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State v. Ojile

Court of Appeals of Ohio, First District, Hamilton

December 29, 2017

STATE OF OHIO, Respondent-Appellee,
v.
UGBE OJILE, Petitioner-Appellant.

         Criminal Appeal From: Hamilton County Court of Common Pleas TRIAL NOS. B-1007149-C B-1006797-C

          Joseph T. Deters, Hamilton County Prosecuting Attorney, and Ronald W. Springman, Jr., Assistant Prosecuting Attorney, for Respondent-Appellee,

          The Olawale Law Firm, LLC, and Emmanuel Olawale, for Petitioner-Appellant.

          OPINION

          Zayas, Presiding Judge.

         {¶1} Petitioner-appellant Ugbe Ojile appeals the denial of his petitions pursuant to R.C. 2953.21 et seq. for postconviction relief. We hold that Ojile was entitled to a hearing on the first ground for relief advanced in the petition filed in the case numbered B-1006797, challenging his trial counsel's effectiveness in establishing his alibi for the aggravated robbery charged in count three of the indictment in that case. For that reason, we reverse in part the judgment entered in that case denying his petition.

         {¶2} In 2011, Ojile was convicted on multiple counts of aggravated robbery, robbery, conspiracy to commit aggravated robbery, and complicity to robbery. Following his resentencing in 2013 upon our remand in his direct appeals, he stood convicted on four counts of aggravated robbery, five counts of complicity, and a single count of conspiracy. State v. Ojile, 1st Dist. Hamilton Nos. C-110677 and C-110678, 2012-Ohio-6015, appeal not accepted, 135 Ohio St.3d 1414, 2013-Ohio-1622, 986 N.E.2d 30.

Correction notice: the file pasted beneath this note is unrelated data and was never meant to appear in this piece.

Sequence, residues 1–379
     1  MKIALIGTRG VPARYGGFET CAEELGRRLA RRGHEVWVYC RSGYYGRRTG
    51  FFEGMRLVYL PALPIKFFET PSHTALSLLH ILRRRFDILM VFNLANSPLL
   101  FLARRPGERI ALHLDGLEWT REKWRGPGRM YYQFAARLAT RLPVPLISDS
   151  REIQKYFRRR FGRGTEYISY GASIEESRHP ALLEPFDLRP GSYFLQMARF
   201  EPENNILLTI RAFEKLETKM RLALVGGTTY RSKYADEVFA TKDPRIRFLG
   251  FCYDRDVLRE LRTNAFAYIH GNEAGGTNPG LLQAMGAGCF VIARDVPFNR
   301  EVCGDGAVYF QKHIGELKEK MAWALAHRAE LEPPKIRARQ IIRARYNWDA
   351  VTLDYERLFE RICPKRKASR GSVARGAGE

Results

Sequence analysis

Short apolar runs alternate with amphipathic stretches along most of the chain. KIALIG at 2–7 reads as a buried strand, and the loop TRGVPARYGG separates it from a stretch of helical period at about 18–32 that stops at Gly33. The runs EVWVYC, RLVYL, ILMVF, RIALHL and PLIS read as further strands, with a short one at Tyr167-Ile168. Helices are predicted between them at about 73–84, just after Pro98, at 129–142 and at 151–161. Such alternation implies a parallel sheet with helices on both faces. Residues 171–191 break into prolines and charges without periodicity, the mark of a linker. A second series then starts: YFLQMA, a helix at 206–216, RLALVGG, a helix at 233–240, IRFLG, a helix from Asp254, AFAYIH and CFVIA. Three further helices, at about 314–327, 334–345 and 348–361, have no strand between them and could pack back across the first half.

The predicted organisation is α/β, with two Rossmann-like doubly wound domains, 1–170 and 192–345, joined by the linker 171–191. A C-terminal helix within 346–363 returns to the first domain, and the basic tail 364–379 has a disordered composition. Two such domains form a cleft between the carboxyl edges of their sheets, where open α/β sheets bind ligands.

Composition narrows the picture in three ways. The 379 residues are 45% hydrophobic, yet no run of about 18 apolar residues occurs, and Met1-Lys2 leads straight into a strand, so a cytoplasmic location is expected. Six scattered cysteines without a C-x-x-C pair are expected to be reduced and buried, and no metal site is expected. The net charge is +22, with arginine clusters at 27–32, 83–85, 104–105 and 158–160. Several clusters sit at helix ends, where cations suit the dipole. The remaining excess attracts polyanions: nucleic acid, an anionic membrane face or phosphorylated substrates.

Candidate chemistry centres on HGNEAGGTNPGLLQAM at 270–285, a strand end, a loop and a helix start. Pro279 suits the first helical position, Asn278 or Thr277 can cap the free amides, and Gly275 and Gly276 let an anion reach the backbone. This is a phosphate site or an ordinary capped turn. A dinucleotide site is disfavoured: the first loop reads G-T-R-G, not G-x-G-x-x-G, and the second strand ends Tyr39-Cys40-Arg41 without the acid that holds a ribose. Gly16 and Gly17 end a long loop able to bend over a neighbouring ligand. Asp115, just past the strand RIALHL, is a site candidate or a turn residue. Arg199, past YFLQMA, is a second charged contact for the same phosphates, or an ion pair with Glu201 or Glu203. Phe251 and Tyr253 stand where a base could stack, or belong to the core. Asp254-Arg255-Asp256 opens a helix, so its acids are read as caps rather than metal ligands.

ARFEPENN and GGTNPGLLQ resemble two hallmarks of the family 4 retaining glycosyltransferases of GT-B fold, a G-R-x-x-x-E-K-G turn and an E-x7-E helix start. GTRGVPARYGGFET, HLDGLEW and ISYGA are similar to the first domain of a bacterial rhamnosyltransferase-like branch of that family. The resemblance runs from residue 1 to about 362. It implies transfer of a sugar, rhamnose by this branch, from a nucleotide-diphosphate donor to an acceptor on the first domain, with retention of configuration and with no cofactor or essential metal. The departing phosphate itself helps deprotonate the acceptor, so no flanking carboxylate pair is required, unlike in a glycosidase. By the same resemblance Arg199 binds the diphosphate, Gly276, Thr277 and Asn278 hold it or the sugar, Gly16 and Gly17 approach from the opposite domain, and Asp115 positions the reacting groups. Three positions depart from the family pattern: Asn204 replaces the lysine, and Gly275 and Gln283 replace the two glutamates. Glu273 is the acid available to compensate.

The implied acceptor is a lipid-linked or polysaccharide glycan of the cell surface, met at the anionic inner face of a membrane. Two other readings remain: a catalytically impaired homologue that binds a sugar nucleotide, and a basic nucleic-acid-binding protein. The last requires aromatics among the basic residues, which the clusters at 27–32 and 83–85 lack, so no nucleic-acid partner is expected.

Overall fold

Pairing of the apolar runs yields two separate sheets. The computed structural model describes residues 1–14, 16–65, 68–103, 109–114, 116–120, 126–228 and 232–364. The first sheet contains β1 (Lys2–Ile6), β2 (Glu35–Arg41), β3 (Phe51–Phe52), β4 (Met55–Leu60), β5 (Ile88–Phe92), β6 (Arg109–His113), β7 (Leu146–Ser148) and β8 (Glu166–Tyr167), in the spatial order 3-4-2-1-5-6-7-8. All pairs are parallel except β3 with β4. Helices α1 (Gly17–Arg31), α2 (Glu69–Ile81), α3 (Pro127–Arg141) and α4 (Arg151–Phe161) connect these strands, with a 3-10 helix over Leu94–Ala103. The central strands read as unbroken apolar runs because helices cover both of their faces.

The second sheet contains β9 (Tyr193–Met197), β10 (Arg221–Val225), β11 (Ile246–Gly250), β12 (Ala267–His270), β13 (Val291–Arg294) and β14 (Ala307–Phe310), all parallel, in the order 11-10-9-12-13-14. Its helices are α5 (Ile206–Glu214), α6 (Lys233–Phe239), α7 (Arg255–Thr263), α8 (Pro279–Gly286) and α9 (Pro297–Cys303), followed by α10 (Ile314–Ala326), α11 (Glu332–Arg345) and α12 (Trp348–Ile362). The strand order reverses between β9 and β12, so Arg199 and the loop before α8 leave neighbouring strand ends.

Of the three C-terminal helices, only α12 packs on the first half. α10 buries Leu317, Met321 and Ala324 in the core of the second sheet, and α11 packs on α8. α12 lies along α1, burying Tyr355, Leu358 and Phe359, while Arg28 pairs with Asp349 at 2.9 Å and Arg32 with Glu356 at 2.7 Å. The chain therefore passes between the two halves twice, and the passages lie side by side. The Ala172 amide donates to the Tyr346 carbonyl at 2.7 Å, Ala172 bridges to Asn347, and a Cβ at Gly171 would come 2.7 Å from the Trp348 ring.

{¶3} In 2012 and in 2016, in each of the cases numbered B-1007149-C and B-1006797-C, Ojile filed with the common pleas court a postconviction petition. On appeal from the denial of Ojile's 2012 petitions, we affirmed the common pleas court's judgments. State v. Ojile, 1st Dist. Hamilton No. C-120601 (June 12, 2013). In this appeal from the court's judgments dismissing Ojile's 2016 petitions, he presents two assignments of error, challenging the dismissal of those petitions for lack of jurisdiction and the court's failure to conduct an evidentiary hearing. We address the assignments of error together and sustain them in part.

          The Trial

         {¶4} Ojile, Amy Hoover, and Kenyatta Erkins were indicted on multiple counts of aggravated robbery, robbery, conspiracy to commit aggravated robbery, and complicity to robbery, following an investigation by the Cincinnati Police Department and other local police agencies into reports that patrons of two gambling casinos had been followed from the casinos to their homes and robbed at gunpoint. The relevant charges here are contained in count three of the indictment in the case numbered B-1006797-C, charging Ojile, Hoover, and Erkins with the February 2009 aggravated robbery of Michael Weisbrod, and in counts 12 and 14 of the indictment in the case numbered B-1007149-C, charging Ojile and Erkins with the April 2010 aggravated robbery of Daniel Duncan and the June 2010 aggravated robbery of Tien Dao. Ojile and Erkins were tried together to the court. Hoover had accepted a plea offer of case consideration in exchange for her testimony at their trial.